For as long as I can remember, I’ve always wanted to be a Renaissance man. You know, the guy who can do many things well: speak foreign languages, play musical instruments, dazzle his conversation partners with obscure bits of science trivia, and light up dinner parties with tales of his travel adventures – all with the verve and panache of someone who knows what life is all about.
It was definitely not a great start to a city visit. Pressed down by a heavy pile of blankets and comforters, I was coughing almost non-stop. The cold that I had attempted to shrug off before taking a plane for Lisbon was now in full force and non-negotiable. I had a headache and something nasty clumping in the back of my throat. Worse, I had no painkillers or anything similar that I could take. A rather naïve suitcase packer, as it turned out, I had put all my first-aid-type things in the suitcase I checked with Vueling.
“So I open the door and I see these two guys standing there with…”
“With like a big bottle?” – correctly guessed my companion.
I was recounting a somewhat odd episode that had occurred just a couple of weeks earlier
to a Romanian acquaintance. We were sitting in a tiny room of a Bucharest café/bar
which the acquaintance said she had used to frequent “in her student years.” Located just off the Bulevardul Nicolae Bălcescu (a major avenue), it would have nevertheless been impossible to find without a local, as it was hidden behind two dingy archways, an unmarked door that I would have thought opened to a dumpster room, and then a badly lit stairwell to boot. My companion's face was barely visible behind the thick smoke filling the room.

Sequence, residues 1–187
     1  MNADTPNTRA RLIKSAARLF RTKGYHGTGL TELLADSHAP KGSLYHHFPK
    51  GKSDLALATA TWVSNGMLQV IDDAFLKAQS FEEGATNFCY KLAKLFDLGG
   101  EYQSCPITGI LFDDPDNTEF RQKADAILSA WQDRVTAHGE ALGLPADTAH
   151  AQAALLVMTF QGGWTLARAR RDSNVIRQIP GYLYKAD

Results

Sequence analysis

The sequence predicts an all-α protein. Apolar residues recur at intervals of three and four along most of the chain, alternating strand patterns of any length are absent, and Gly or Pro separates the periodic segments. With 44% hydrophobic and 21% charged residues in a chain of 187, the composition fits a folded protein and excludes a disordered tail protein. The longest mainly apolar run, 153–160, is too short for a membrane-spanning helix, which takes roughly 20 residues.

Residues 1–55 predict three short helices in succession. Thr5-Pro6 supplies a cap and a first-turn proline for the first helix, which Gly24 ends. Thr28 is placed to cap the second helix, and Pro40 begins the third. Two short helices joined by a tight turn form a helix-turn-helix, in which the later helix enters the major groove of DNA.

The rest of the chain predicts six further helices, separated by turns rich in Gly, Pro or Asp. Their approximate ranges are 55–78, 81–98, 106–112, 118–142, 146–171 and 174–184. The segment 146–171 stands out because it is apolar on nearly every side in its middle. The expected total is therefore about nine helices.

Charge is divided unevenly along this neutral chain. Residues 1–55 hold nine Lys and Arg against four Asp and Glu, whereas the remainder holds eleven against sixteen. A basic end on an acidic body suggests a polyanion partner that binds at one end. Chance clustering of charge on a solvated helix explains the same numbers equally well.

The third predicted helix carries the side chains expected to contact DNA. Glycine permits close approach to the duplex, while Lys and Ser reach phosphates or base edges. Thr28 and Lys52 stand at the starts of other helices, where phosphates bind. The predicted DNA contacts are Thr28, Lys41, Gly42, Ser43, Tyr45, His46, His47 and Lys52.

“Yes! How did you know?”
As soon as I said that I knew the answer myself: She knew because it was one of the oldest scams in the book. In Bucharest, as well as everywhere else. For a moment, I felt the shameful sting of my stupidity more acutely, even though nothing much had really happened in this particular case, as you will soon hear (nothing that I could detect, anyway). But allow me recount the whole episode.
You gotta love a Western economist who is up-to-date on Russian idiomatic expressions. Barcelona-based Edward Hugh may just be one such polymath–well, at least he says he has seen his share of Russian movies.
While his recent article on Economonitor has little to do with his apparent love for Russian culture, knowledge of the idiom came in handy when Hugh looked for the appropriate metaphor to describe the economic and demographic plight of a country that has long been considered (perhaps, unfairly) as Russia’s poor cousin to the west: the Ukraine.
The expression he picked was ‘suitcase mood’ (чемоданное настроение) which, broadly speaking, describes the mood of someone who has had enough and is thinking of leaving a place.
Why is this expression fitting? Ukraine, says Hugh, is simply winding down…